Green Building  

The EPA's Brownfield Revolution

The Environmental Protection Agency has given out millions to renovate unused Brownfield sites
 New Orleans Mayor Nagin accepting Brownfield grants  Auburn officials accepting $200,000 Brownfield grant  Brownfield sites are closed due to pollution  Brownfield properties near San Francisco Bay  A Brownfield site in Duwamish
 
 

There is more to green building than just LEED Certification or installing solar panels on existing buildings. All over the country there are thousands of Brownfield sites, structures and locations that are no longer in use due to concerns over pollution.

City planners in the US define a Brownfield site as any location that was previously used for industrial or commercial purposes that is now contaminated by low concentrations of pollution or other potentially hazardous substances and is no longer in use. Brownfields have the potential to be re-used if they are cleaned up following federal regulations.

Defining a Brownfield

The federal definition of a Brownfield site, according to the Small Business Liability Relief and Brownfields Revitalization Act of 2002 (H.R. 2869), is “real property, the expansion, redevelopment, or reuse of which may be complicated by the presence or potential presence of a hazardous substance, pollutant, or contaminant.”

Superfund sites, land that is too heavily contaminated with high concentrations of pollution and waste, do not fall under the Brownfield classification. Mothballed Brownfields occur when a property’s owner refuses to transfer or clean up their location for reuse.

The Environmental Protection Agency’s Mission

Over the last two decades, the US government has made a point of pursuing Brownfield revitalization projects all over the country.

The Environmental Protection Agency has been aggressively giving out grants to states all over the US for the renovation or redevelopment of these Brownfield sites in order to make them functional pieces of property once again.

So far the EPA has awarded $76 million worth of federal grants for Brownfield renovation projects in 40 states throughout the US.

According to the EPA, reinvesting in Brownfield properties helps protect the environment, raises nearby property values and helps the US get the most out of its land rather than letting whole patches of the country go to waste. If abandoned properties and structures are left to rot, they can reduce surrounding property values significantly and if pollution is left unchecked it can potentially spread to nearby areas.

The EPA believes that the redevelopment of these Brownfield sites can spur other forms of development and economic growth in the local community, creating more jobs for the locals and improving their property values so that everyone can prosper.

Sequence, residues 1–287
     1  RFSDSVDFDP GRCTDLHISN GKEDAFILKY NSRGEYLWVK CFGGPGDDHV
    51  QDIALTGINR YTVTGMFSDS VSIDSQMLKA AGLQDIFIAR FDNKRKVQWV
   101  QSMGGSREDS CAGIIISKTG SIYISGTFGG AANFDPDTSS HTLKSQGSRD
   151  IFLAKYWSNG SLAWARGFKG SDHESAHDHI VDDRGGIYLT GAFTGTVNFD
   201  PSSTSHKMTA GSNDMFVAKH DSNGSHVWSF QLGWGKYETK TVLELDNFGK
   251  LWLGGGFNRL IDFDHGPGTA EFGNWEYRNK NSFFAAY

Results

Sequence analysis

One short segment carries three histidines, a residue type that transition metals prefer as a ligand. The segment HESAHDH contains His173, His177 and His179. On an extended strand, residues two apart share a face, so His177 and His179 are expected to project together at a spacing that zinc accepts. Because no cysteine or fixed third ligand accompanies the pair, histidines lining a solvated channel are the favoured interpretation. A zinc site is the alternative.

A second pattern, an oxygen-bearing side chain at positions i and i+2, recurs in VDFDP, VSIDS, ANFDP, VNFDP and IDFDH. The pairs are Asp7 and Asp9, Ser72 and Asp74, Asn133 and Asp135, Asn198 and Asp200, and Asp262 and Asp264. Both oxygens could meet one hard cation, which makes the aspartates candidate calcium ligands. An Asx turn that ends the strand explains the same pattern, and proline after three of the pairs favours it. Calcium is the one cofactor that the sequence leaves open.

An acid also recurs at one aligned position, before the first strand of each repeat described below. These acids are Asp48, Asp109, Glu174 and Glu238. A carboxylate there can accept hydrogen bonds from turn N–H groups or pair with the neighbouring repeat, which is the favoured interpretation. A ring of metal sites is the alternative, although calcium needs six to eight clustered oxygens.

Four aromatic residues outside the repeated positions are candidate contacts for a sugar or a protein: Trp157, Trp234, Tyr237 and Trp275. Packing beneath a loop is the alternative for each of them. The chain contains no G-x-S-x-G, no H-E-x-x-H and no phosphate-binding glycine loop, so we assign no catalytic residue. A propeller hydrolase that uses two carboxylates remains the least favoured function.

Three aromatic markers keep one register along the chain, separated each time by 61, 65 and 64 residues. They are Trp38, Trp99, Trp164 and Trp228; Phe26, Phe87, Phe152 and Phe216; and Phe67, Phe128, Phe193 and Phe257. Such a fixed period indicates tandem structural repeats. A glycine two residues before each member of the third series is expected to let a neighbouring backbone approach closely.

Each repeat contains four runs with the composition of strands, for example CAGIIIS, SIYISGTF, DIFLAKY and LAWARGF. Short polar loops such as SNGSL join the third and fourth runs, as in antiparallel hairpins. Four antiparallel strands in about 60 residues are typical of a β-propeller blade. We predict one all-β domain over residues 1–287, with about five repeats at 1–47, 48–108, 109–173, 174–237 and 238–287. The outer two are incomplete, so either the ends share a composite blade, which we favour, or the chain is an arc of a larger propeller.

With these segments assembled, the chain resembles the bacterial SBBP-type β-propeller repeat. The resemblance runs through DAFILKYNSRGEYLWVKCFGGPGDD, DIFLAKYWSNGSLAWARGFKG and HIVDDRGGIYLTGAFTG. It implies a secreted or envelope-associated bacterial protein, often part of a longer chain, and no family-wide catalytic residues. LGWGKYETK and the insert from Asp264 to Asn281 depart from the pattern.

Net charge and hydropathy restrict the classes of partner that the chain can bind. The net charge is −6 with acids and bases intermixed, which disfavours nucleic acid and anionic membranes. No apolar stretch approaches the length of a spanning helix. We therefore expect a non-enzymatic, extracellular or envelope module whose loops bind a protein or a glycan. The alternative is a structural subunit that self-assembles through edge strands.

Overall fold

According to a study by the EPA Brownfield Program, residential property values go up by an average of two to three percent once a nearby Brownfield property is assessed and cleaned up, and crime rates tend to go down in local communities as well.

The study goes even further to say that properties within a one mile radius of a renovated Brownfield site can increase in overall property value by up to $0.5 to $1.5 million.

Federal Grants

Since the 1990s when the Clinton Administration promoted land redevelopment and revitalization, the EPA has given out $937 million worth in grants to clean up more than 600 existing structures.

EPA officials estimate that these projects also sparked a spending spree of $16.3 billion in redevelopment spending by both the private sector and government agencies, leading to even more job creation and economic prosperity.

The EPA provides several different types of grants and loan programs, technical assistance and other funding opportunities in relation to Brownfield revitalization projects around the US:

 

  • Area-Wide Planning Pilot Program
    Once the EPA has settled on a grant recipient, it will create an area-wide plan for the assessment, cleanup and reuse of Brownfields properties to help promote area-wide revitalization.
  • Assessment Grants
    Provide funding for taking inventory, conducting planning and promoting community involvement related to Brownfield sites.
  • Cleanup Grants
    Provide funding for a grant recipient to carry out cleanup activities at Brownfield sites.
  • Environmental Workforce Development and Job Training Grants
    Designed to provide funding to eligible organizations, including nonprofits, to recruit and train low-income and minority residents of the surrounding areas with the skills needed to secure full-time employment in the assessment and cleanup work taking place in their communities.
  • Revolving Loan Fund Grants
    Enable States and smaller political organizations to make low interest loans for cleanup activities at Brownfields properties.
  • Training, Research, and Technical Assistance Grants
    Provide funding to eligible organizations to provide training, research, and technical assistance to potential employees for Brownfield projects.
  • Targeted Brownfield Assessments
    Help states, tribes, and municipalities minimize the uncertainties of contamination often associated with Brownfields.

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